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New college programs reflect the CCSS

WEDNESDAY, OCTOBER 23, 2013 09:31 AM

Once adopters of the Common Core State Standards finish implementing them, colleges should see a positive difference in students' level of preparedness for collegiate instruction. After all, the CCSS are designed to help K-12 learners become better prepared for the academic challenges that await them in higher education settings.

This is not the only way postsecondary institutions will be affected by the Common Core, as many schools are revamping their degree offerings to reflect the Standards. Following the creation of the CCSS, schools have adjusted their curricula to train the next generation of teachers so they are prepared to align their future classrooms with the Standards. Here are two examples of how institutions are addressing the Common Core through their academic offerings:

Lewis University introduces new programs
Illinois' Lewis University offers a selection of online degree programs. Among them is a new graduate degree, as well as three certificates that all reflect the Common Core, according to a press release from the institution.

The school's new Master of Education in curriculum and instruction was actually created in response to the CCSS. Over the course of their studies, those who pursue this degree will learn how to keep track of students' learning progress and integrate technology into Common Core-aligned classrooms. Meanwhile, the three certificates focus on the topics of English as a second language, reading and special education.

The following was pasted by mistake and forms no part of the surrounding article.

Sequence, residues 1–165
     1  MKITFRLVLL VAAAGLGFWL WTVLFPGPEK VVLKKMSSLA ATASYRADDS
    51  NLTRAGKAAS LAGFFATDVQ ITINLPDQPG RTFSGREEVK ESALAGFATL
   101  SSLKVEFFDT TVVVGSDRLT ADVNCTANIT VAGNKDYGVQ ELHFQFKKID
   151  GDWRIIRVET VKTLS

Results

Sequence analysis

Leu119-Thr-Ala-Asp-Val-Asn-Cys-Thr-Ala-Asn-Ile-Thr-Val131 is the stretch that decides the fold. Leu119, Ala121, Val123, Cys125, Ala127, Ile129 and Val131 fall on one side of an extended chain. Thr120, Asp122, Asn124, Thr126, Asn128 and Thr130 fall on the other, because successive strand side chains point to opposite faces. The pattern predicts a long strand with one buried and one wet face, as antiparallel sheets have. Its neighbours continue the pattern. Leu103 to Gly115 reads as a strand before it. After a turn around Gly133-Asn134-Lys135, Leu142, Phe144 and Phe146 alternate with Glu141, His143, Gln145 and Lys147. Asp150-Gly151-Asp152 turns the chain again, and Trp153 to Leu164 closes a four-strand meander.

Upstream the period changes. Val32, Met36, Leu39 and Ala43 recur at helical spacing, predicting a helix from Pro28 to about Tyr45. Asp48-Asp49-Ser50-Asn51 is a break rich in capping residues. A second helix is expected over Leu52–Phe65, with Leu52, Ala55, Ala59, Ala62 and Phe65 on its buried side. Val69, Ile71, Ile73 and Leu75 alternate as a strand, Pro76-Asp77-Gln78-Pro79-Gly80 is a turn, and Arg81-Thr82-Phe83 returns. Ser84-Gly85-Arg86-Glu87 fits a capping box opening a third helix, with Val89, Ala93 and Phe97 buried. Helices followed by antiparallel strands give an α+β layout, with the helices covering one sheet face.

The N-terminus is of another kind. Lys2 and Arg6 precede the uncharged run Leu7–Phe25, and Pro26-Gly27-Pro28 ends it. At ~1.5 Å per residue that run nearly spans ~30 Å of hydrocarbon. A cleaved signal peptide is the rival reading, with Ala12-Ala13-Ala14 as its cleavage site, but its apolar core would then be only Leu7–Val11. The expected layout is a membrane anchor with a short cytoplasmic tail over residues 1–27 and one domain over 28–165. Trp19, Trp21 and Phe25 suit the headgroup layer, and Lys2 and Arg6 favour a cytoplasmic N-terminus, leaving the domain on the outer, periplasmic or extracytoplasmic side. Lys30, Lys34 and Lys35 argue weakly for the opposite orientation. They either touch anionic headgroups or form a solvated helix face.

"The online programs in curriculum and instruction do more than just provide advanced knowledge in an increasingly important aspect of teaching," said Dr. Pam Jessee, dean of the university's College of Education, in a statement. "They are designed to transform students into advocates for social justice and expert educators able to engage a diverse, multicultural classroom."

Concordia University degree focuses on the CCSS
Oregon's Concordia University is another institution that offers students a chance to earn a Master of Education in curriculum and instruction online. The main difference is Concordia provides a degree that focuses specifically on the CCSS. According to the school's website, the Common Core State Standards instructional leader specialization helps K-12 teachers understand the Standards and their implementation process.

Over the course of their studies, educators learn how to adjust instructional plans to achieve desired results, evaluate students' learning progress and work with pupils from diverse backgrounds with unique needs. Ultimately, if teachers feel they are not ready to work in CCSS-aligned classrooms, they should know that there are degree programs that can bring them up to speed.